Becoming an FBI Agent on Valedictorian's Wish List
New Rochelle High School graduate Addy Velez admits she didn’t always know what she wanted to do with her life. At least not until she enrolled in the Security, Law & Policing Program at the SWBOCES Center for Career Services.
The Center’s 2017 valedictorian said the knowledge she acquired in the two-year program was invaluable and that instructor Ray Sulla’s background as a former New York City police officer provided insight into the inner workings of law enforcement.
“Mr. Sulla told us how it is,” she said, referring to his experiences as an officer.
Students in the program discover the many aspects of a crime scene investigation, including fingerprinting and fingerprint identification. They also become certified in a range of counter terrorism programs, including Homeland Security in Weapons of Mass Destruction Awareness, Terrorist/Suicide Bombing and Domestic Anti-Terrorism, in addition to being CPR/AED (Automated External Defibrillator) certified.
Addy is also a qualified security guard, having successfully taken two industry courses and passing with flying colors.
Preparation for both exams is part of the course curriculum.
It is her involvement in the FBI Explorers Program that gave her additional clarity on pursuing a career in law enforcement and the possibility of becoming an FBI agent.
Addy, who will attend the John Jay College of Criminal Justice in the fall, joined the FBI program last November, and it has given her a unique insight into the workings of the nation’s top law enforcement agency.
“It’s all been very interesting,” said Addy, referring to the various activities and courses she’s taken on search techniques and active shooter drills, as well as learning about the tactics used to prevent suicide bombings and other potential disasters.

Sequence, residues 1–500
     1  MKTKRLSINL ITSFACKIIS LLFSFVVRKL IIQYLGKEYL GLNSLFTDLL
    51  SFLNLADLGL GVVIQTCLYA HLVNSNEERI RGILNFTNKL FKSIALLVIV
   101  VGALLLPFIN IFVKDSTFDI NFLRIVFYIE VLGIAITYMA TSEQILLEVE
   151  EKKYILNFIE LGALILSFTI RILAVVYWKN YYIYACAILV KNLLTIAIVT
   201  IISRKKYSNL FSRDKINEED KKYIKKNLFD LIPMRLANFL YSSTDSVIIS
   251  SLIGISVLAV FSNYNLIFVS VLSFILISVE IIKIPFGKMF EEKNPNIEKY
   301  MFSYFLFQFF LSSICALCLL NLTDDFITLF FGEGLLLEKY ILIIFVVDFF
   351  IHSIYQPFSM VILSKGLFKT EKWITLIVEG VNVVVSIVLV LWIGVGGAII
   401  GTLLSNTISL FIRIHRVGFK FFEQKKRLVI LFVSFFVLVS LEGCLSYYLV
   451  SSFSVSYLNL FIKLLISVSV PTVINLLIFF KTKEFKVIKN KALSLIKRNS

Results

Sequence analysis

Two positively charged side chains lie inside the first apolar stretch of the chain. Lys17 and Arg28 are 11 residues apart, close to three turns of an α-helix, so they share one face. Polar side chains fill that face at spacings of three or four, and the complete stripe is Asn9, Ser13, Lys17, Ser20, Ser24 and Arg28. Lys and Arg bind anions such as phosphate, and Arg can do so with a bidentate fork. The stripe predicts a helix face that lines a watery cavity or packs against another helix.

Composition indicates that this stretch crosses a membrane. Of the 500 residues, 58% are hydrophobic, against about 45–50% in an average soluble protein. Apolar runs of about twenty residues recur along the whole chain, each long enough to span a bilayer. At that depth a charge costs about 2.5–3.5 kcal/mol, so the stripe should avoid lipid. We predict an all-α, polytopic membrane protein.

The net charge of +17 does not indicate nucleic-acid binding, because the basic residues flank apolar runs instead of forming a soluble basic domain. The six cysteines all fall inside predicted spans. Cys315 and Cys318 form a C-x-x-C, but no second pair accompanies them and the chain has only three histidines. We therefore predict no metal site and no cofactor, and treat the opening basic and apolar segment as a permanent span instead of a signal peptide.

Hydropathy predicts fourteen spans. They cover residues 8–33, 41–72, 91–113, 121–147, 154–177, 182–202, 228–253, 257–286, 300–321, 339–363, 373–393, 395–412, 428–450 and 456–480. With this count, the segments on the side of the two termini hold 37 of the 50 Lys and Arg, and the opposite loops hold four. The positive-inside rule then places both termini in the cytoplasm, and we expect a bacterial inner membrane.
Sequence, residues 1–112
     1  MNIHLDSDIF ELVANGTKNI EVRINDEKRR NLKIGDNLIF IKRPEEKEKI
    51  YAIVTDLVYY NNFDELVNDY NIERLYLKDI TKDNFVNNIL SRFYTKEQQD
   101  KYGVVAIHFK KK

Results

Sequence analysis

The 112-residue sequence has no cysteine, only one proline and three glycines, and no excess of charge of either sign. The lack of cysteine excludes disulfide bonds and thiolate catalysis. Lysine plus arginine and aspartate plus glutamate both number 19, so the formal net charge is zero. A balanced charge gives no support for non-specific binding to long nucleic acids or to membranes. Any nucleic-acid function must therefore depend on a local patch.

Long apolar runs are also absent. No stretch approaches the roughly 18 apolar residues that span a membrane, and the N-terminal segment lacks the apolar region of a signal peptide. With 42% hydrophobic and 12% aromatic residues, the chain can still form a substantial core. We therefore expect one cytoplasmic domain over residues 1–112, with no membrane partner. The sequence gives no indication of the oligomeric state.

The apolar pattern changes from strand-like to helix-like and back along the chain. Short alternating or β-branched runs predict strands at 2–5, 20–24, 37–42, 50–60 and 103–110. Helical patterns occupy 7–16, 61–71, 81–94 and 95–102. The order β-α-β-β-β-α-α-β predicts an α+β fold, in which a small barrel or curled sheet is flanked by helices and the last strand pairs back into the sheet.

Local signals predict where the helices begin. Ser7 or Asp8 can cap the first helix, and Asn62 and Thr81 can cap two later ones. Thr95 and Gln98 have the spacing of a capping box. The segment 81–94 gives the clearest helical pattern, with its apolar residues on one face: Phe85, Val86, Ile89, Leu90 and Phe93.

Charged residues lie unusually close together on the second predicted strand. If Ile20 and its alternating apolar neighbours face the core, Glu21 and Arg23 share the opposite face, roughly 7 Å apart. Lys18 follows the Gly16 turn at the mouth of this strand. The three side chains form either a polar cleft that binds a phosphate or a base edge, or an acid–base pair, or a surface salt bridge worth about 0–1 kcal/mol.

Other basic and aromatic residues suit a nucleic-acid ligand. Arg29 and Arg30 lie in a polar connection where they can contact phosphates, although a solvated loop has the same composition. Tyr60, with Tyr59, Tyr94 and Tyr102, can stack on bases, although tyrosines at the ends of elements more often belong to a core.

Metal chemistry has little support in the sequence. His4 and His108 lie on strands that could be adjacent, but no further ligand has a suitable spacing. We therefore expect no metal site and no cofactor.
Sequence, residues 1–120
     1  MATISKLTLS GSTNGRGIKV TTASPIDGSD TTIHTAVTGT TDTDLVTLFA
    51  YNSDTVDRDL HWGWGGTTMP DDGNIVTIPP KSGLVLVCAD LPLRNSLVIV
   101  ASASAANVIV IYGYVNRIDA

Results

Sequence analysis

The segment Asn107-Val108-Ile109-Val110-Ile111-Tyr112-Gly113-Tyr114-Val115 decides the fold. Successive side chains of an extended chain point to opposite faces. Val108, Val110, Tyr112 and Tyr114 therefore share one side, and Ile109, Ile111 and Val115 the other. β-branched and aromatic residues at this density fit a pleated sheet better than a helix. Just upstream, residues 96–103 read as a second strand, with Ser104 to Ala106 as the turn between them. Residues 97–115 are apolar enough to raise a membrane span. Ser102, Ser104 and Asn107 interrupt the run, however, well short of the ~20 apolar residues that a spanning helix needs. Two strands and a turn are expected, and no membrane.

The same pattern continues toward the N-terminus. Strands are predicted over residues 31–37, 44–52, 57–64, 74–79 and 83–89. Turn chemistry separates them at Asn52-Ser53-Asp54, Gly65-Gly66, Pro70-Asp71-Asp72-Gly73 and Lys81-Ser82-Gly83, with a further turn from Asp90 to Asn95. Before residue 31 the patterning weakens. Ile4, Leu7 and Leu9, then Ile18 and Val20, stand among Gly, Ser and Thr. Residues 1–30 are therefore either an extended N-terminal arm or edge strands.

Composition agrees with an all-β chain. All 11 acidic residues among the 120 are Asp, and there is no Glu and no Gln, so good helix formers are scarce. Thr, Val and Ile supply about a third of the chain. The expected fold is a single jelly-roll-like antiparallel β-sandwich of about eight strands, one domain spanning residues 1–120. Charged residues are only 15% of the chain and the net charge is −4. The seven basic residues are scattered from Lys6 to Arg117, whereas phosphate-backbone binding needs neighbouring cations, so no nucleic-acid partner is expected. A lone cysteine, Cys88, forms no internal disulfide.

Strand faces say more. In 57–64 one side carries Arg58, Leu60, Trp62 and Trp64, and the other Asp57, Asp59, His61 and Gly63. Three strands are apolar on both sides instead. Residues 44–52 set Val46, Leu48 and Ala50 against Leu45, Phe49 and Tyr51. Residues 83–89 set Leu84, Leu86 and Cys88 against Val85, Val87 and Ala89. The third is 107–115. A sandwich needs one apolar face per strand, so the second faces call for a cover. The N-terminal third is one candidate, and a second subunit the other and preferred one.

She intends to continue being active in the program until she turns 21, and then hopes to apply for an internship in a local FBI office and eventually apply for a full-time position.
Admission is based on successfully passing the FBI’s entrance exam as well as its physical and mental evaluations, in addition to a background check.
She believes her exposure to the FBI Explorers Program will help in the application process.
As the child of Mexican immigrants, Addy is proud of what she has already accomplished.
“They one hundred percent have my back,” she said, referring to her parents’ unwavering support.
Addy and her brother, Aldo, 19, are the first in their family to pursue college degrees. He is currently studying engineering and architecture at Westchester Community College.
This former president of the National Technical Honor Society and SkillsUSA winner is happy to include a BOCES education on her resume.
“Most people don’t realize how much training and learning you can actually get at BOCES,” she said. “For me, it was a very valuable and memorable experience that I will never forget. I cannot express my gratitude to all the faculty and staff at SWBOCES."